F20101123_AAAFGS baird_j_Page_050.tif
df5758c833073470989643825021b730
c5e831a6c25bedd733593eb71efd7ee3105fe9ec
F20101123_AAAFGT baird_j_Page_051.tif
8935cf7e373b5d186ae6db490ea631a4
c2dac23e2a1f8cd4d2503d74155ba6c25472541d
F20101123_AAAFHH baird_j_Page_071.tif
2456d04821f033eb666115a23eccd7b8
095fa79b169d06dcb6db407e1a59ed39102d39ef
F20101123_AAAFGU baird_j_Page_053.tif
be734dd0139dd5ce11a4a9207ded1159
35f231b59ed1d65d99d10a11b6238fb7bfd36b80
F20101123_AAAFHI baird_j_Page_073.tif
f341b56e739608d266718bc746b03c91
29fe50fa4dfcdd9323412e938372da6b8756223f
F20101123_AAAFGV baird_j_Page_054.tif
843ccc2d4a93f53c4082d45b532dd378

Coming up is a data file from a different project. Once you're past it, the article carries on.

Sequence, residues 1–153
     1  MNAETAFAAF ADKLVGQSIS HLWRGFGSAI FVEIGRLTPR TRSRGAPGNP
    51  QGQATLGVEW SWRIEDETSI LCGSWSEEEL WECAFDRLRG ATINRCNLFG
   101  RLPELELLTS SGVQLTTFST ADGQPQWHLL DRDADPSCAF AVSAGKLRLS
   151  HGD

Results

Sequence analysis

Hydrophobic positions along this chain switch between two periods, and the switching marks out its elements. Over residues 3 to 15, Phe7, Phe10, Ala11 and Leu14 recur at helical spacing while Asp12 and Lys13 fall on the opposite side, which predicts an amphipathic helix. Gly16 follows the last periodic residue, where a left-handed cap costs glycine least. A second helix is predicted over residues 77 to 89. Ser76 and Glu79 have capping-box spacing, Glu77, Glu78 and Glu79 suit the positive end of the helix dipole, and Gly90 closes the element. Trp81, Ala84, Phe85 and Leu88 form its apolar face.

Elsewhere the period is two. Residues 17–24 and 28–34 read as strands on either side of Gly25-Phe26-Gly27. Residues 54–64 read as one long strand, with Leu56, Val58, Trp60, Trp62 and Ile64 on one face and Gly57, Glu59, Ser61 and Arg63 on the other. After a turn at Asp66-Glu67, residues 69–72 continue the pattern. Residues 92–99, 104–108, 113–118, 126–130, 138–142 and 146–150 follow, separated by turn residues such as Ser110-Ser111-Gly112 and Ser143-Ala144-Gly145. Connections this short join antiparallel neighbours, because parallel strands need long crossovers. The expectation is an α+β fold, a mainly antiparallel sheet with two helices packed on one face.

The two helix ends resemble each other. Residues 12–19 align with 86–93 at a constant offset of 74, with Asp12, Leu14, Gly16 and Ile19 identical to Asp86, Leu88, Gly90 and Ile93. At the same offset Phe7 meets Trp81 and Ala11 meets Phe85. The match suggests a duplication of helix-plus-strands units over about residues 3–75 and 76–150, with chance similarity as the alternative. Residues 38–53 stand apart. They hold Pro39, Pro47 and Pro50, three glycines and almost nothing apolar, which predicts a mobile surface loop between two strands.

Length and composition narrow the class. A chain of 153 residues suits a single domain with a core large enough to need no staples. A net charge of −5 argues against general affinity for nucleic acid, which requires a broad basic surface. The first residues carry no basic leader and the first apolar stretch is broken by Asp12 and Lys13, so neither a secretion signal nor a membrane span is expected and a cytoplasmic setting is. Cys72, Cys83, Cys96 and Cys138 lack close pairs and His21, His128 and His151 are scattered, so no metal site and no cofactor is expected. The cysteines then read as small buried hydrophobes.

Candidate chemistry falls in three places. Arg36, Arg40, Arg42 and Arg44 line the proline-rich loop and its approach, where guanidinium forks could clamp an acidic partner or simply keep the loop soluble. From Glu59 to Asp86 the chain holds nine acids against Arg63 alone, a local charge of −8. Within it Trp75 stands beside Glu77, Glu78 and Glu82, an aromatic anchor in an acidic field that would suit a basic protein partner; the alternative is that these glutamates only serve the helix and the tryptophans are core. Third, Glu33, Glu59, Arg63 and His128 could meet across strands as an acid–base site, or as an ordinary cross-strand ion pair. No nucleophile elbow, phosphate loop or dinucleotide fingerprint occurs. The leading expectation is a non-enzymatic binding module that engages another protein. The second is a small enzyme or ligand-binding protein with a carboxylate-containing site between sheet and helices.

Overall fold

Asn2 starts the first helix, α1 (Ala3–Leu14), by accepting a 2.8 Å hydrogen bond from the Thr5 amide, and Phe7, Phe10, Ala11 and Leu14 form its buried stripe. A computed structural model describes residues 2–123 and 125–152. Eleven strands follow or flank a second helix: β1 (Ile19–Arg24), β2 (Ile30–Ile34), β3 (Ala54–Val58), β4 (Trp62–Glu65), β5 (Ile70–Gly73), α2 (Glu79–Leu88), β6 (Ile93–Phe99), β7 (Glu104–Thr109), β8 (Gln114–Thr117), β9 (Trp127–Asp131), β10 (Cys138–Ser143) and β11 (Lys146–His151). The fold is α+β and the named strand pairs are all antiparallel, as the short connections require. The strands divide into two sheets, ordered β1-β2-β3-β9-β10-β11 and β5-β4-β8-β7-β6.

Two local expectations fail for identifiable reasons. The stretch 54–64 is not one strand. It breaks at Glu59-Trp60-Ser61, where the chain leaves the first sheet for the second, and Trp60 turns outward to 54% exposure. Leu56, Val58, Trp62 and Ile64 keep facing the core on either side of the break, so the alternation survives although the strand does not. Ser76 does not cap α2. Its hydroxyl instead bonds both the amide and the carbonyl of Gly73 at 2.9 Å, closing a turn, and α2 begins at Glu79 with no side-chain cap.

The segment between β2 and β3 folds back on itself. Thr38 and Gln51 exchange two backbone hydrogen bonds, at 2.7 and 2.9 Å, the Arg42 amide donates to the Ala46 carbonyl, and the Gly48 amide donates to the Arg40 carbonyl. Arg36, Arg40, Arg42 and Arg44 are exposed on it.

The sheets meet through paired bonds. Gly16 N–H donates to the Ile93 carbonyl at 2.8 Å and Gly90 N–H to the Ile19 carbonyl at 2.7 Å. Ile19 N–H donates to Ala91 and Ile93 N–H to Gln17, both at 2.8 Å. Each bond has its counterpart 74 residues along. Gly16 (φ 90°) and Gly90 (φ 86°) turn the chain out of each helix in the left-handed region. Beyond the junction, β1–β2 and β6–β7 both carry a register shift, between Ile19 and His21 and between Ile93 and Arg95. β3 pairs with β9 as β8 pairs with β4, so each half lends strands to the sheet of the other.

586aaa14b1158254cb8f8f57b05600f636dcf07d
F20101123_AAAFHJ baird_j_Page_074.tif
bd6e962ecdd4b71d4d13944a202fb378
03cd0efe611f28544aa85229d7c8074dbc2e0ef4
F20101123_AAAFGW baird_j_Page_059.tif
5750aff4710f16ca6d966b58f27405c6
3bdd597ff780f57667853cb40f3a88b77aaf4923
F20101123_AAAFHK baird_j_Page_075.tif
4f6010c9f154a86f5fb5290a66e539a1
5502417e7957fab13f78c066229e91293b9b2235
F20101123_AAAFGX baird_j_Page_061.tif
cdee71eacb75de4e8663f23ff3ca3b2d
e620a4ec406c6addc74f17a41bb745040ca7aad0
F20101123_AAAFIA baird_j_Page_093.tif
56297285e2f5a46c09731d5d46e8713b
964db5251db9ea8493c304f33a8db40154e21b16
F20101123_AAAFHL baird_j_Page_076.tif
db2377cec122702d774c674a62aa31c5
61904a8b258a26d8f01c70c7c139678b2f2e54ea
F20101123_AAAFGY baird_j_Page_062.tif
e2f324dbfb8469b690c461f7e0bbb024
cc7dace82dee871cf4b3e17891ecdabdcbba9f6a
F20101123_AAAFIB baird_j_Page_095.tif
5d3babfe91a9456a383596b8f4708dd3
3112bbeabbd739a0a4cef457c7c8200e7dc84eb7
F20101123_AAAFHM baird_j_Page_077.tif
1bae492586a30f217cd8aade1015d63c